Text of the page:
Or is a loud bang at the door banging on the door. She pops up, actually be scared to death.


Both say they didn't hear any response through the door.


First thing she said, who is it? No response. There was a second knock bang on it again. No response, no other knock at the door.


She's like, Who is it? Loud at the top of her lungs. No response.


Madingley says that after their third knock at that point we started announcing ourselves.


Please, please come the door, please. We have a search warrant. They began loudly announcing themselves screaming Police, police, police.


There's another knock at the door. She's yelling at the top of our lungs. And I am too at this point. Who is it? But Kenny says no response.


All they heard was the knocking.


They never heard any voices, no answer, no anything silly. Like what the heck. And at this point, I'm scared to death. They're both frightened. Now we're getting out, putting on clothes.


And in the confusion that happened, Kenny puts on Briony's pants. That's how scared and startled they both were.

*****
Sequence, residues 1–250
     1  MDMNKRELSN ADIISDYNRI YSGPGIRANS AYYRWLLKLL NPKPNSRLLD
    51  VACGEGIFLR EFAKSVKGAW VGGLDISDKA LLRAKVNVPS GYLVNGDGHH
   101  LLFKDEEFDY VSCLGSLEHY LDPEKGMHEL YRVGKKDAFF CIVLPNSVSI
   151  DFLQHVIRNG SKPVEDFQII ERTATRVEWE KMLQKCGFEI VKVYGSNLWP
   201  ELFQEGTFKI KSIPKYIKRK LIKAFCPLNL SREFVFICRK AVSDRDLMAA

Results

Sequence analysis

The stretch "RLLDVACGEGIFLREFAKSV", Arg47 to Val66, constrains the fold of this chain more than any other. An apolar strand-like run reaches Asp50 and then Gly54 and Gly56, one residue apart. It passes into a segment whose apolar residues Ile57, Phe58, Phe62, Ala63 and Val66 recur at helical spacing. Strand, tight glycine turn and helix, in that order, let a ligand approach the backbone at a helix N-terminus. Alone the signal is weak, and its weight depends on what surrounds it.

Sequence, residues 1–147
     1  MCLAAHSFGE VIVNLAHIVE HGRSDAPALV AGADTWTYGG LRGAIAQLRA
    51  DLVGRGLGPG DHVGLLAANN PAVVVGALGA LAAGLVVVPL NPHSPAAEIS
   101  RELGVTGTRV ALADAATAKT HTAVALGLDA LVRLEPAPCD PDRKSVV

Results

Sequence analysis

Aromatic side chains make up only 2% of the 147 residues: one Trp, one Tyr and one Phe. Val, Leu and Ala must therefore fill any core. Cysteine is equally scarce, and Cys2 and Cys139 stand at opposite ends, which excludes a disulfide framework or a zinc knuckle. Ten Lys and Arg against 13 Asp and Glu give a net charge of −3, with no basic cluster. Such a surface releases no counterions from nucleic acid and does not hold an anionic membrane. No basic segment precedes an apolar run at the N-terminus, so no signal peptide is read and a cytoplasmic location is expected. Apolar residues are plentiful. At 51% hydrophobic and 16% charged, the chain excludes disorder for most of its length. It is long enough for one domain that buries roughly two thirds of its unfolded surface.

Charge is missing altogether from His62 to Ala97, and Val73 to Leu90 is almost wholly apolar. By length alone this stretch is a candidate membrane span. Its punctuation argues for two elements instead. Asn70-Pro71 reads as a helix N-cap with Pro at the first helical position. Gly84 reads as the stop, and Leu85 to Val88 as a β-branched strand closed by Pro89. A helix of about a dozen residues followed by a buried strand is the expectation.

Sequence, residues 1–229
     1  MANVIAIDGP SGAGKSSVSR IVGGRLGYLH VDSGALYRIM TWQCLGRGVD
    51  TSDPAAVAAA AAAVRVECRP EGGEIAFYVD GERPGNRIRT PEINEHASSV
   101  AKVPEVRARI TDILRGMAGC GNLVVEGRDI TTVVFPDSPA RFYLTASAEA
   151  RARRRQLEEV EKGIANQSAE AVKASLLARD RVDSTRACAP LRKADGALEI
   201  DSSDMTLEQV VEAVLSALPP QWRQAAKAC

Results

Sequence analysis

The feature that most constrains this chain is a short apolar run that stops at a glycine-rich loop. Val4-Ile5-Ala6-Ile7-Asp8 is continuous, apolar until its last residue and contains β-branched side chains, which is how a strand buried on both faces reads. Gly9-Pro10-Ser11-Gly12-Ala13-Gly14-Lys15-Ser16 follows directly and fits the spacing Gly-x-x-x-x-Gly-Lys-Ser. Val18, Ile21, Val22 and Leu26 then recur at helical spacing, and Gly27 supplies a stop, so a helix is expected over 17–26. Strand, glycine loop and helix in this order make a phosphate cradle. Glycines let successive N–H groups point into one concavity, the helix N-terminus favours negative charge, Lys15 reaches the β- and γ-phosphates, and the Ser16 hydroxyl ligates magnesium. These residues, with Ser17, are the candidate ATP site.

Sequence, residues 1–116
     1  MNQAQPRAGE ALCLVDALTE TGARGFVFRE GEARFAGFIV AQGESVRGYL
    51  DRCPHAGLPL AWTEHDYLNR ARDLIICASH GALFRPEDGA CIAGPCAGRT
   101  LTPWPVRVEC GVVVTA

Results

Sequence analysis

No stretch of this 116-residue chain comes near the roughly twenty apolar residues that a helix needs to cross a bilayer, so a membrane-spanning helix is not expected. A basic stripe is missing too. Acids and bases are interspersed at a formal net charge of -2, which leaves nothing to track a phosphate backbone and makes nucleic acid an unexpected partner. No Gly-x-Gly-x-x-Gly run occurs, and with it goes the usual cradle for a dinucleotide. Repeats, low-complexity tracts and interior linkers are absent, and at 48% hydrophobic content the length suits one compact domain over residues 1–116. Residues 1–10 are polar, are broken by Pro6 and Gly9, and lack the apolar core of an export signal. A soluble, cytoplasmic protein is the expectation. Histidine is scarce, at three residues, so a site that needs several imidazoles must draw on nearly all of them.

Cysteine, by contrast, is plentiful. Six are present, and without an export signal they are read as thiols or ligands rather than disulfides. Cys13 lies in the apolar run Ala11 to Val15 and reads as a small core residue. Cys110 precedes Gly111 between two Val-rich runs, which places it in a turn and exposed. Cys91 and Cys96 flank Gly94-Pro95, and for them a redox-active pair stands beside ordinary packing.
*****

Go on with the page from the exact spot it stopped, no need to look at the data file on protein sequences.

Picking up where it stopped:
I honestly think it it was. It was because we've been on it off together.


Kenny says to investigators later that what he thought was going on is that the person at the door was Brianna's ex boyfriend.


So I guy that she was listening to or whatever.


But throughout that time, you know, he never names the ex-boyfriend. But officials say that his description makes clear that he's referring to DeMarcus Lawrence and that you popped up over there once before.


I was there like a couple months ago. So that's what I thought was going on.


And that's why he says that he reaches for his gun. So I grabbed my gun, which is legal and I'm licensed to carry everything. I've never even fired by good outside of a rage.


And he and Brianna, who are now barefoot but partially dressed, begin to walk outside of their bedroom.


We start walking towards the door to go see who it is on the other side of the door, kept banging and announce.